Reading to Newborns in Intensive Care a Boon for Parents
It helped parents feel closer, more in control during difficult time, study finds
FRIDAY, Dec. 17, 2010 (HealthDay News) -- Parents who read to their newborns in the intensive care unit feel closer to their babies during this difficult time, a new study finds.
The first few days of a newborn's life are an important time of parent bonding with their children. But critically ill babies in the neonatal intensive care unit (NICU) are often separated from their parents.
"The objective of this study, which involved 120 families, was to determine whether reading helped strengthen the bond between parents and their babies, and whether this motivated parents to continue reading at home," principal investigator Jan Lariviere, a nurse in the neonatal clinic and the neonatal intensive care unit at the Montreal Children's Hospital, McGill University Health Center, said in a McGill news release.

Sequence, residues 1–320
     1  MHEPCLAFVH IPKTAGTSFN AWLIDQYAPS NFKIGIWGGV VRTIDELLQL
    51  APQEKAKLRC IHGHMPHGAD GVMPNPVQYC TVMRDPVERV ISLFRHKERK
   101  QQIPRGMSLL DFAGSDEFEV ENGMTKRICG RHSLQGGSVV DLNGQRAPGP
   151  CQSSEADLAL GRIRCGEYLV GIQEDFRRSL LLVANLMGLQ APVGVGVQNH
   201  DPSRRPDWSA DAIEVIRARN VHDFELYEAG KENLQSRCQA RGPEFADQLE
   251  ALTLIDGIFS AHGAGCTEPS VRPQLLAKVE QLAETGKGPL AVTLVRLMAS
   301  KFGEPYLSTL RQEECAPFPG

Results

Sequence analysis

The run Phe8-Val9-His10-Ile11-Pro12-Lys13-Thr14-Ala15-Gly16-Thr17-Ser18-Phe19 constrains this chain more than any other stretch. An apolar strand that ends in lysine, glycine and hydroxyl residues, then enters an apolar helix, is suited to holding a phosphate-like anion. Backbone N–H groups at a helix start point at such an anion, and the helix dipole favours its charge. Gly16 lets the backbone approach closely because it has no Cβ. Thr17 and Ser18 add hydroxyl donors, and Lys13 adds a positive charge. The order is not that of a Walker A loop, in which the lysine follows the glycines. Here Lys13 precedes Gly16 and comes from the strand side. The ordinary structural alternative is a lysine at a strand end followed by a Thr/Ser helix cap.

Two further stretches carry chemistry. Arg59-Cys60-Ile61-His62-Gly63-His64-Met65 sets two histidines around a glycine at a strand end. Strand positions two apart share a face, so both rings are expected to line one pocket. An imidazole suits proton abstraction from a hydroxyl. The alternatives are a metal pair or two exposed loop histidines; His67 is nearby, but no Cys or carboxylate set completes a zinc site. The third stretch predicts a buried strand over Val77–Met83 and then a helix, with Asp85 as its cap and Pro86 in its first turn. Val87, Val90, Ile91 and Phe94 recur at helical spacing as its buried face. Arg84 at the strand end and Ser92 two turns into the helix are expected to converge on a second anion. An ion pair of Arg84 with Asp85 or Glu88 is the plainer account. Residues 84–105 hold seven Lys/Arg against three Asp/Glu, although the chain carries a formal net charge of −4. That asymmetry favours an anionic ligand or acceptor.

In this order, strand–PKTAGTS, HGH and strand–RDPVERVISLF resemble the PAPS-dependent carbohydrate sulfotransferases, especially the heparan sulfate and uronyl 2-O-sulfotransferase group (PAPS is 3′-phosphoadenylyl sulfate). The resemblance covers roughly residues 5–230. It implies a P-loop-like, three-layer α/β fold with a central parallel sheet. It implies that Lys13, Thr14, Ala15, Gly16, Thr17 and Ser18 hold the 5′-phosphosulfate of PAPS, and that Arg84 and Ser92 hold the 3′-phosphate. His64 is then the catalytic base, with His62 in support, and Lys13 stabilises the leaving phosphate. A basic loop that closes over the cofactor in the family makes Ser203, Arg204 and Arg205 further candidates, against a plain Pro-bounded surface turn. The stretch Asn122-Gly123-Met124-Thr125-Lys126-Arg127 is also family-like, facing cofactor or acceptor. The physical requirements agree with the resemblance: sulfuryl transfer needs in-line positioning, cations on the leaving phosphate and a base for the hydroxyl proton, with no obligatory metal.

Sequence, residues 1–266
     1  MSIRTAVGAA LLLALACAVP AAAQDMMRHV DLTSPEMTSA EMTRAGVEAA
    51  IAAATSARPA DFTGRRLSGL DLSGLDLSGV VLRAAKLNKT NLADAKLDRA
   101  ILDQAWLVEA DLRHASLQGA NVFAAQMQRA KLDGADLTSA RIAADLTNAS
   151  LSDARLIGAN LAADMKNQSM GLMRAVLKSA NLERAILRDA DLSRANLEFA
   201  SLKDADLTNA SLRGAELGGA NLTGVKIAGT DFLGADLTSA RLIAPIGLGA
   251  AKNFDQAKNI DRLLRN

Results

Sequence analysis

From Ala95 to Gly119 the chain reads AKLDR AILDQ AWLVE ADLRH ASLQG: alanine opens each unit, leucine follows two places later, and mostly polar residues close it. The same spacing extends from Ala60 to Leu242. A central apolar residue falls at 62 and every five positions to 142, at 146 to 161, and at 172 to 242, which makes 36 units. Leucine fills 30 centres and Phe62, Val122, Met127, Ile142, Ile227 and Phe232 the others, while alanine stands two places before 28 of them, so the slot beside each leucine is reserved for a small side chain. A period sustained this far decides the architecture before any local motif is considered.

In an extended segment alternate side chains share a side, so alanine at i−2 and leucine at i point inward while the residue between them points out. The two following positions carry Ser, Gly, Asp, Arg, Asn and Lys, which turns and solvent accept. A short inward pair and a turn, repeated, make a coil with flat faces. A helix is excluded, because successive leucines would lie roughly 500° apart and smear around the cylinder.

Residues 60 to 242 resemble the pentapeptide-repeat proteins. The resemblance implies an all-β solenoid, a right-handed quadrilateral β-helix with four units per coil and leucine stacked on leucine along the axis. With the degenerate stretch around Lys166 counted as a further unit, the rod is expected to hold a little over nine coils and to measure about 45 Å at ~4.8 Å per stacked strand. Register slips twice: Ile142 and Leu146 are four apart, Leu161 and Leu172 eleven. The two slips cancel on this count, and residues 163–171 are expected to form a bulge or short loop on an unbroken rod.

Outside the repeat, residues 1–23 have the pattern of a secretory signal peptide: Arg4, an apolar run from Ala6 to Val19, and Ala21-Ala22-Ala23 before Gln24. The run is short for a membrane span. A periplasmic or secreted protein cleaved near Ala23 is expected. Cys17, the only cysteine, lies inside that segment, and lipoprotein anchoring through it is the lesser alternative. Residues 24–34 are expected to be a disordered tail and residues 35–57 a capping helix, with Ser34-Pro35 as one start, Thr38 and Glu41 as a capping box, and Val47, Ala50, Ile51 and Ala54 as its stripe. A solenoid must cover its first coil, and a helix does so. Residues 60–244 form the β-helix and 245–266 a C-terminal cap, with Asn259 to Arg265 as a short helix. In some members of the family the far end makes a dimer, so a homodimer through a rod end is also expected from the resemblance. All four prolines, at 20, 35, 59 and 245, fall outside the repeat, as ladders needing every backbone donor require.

Nearly 70 percent of the parents in the study said reading made them feel closer to their babies. Most of them said reading led to feelings of intimacy and normalcy and helped them feel they had more control of the situation.
The study also found that parents who read to their babies in the NICU were three times more likely to continue doing so at home.
The study appears in the current issue of the Journal of Developmental and Behavioral Pediatrics.
"As health professionals, we must give parents the tools they need to cope with the situation. Reading should become an essential tool in NICUs and follow-up clinics," Lariviere said.
The Nemours Foundation offers advice for parents when their baby is in the NICU.